Single customer risk score - which responds rapidly to changes in the nature of the customer’s business and actual behaviour, to develop a single, integrated customer risk score of expected and actual behaviour. This is underpinned by high quality, accurate and complete customer data, as an essential foundation for effective DD (note: we will cover this topic in more detail, in the next article in this series); and,

Continuous customer monitoring - for most customers, perpetual KYC will replace traditional periodic reviews. A well-tuned customer risk change model will ensure that the number of cases requiring human intervention will be much lower than typically seen in a periodic review approach.

Together these capabilities will allow for more efficient and effective control and oversight of DD and FC risk across the customer lifecycle.

Achievable benefits

Through our work with FS institutions, we understand that some of these capabilities are planned or ongoing; and, when implemented together, we believe they will deliver significant benefit, including:

1. Enhanced risk management

Better quality data enabling an enhanced and up-to-date understanding of the customer risk exposure, which will allow the FS institution to make better risk-based decisions as to where it focuses its resources.

2. Improved customer experience

By delivering a digital first, automated and integrated DD model, the FS institution will be able to enhance its customers’ experience across the full lifecycle, from on-boarding to off-boarding. Additionally, the removal of periodic review (e.g., 1,3,5 year) will reduce the impact on legitimate customers, creating a competitive advantage

3. Cost optimisation

Moving from the current model of a manual and periodic exercise with a high volume of manual, low-value tasks to a digital first, automated and integrated model for DD and continuous monitoring, will drive significant cost savings. From our work with new entrants and partnering with emergent technology (including AI), we believe the majority of the tasks currently undertaken manually can be automated. This can lead to at least a 30-40% reduction in cases requiring manual intervention and can allow for significant re-deployment of existing AML operations staff to focus on higher value tasks.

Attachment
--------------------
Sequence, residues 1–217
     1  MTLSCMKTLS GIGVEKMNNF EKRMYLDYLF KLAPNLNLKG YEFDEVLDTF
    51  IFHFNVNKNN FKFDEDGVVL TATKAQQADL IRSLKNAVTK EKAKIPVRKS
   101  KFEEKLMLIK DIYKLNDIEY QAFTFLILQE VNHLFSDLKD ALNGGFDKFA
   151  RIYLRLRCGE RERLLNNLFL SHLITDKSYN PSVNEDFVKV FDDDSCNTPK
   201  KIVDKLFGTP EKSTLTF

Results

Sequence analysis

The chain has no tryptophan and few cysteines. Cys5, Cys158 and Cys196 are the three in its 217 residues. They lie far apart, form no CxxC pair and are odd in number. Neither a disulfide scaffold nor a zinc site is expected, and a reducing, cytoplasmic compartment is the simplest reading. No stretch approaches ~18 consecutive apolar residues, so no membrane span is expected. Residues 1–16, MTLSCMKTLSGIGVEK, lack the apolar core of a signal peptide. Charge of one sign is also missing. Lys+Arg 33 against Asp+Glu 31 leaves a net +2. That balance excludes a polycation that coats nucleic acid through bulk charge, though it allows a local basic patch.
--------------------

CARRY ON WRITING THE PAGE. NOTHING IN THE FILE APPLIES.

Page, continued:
When implemented alongside an intelligence-led, enterprise-wide risk assessment and a holistic approach to monitoring customer expected / actual behaviour, the adoption of these changes to customer DD represents a real shift towards a more integrated, efficient and effective approach to FC.

Please get in touch if you would like to discuss this topic further. Also look out for further articles in our Future of Financial Crime series – up next, Convergence of customer monitoring. 


EBA Guidelines on policies and controls for the effective management of money laundering and terrorist financing (ML/TF) risks when providing access to financial services

2 True Cost of Financial Crime Compliance Study, LexisNexis Risk Solutions, Global Report 2021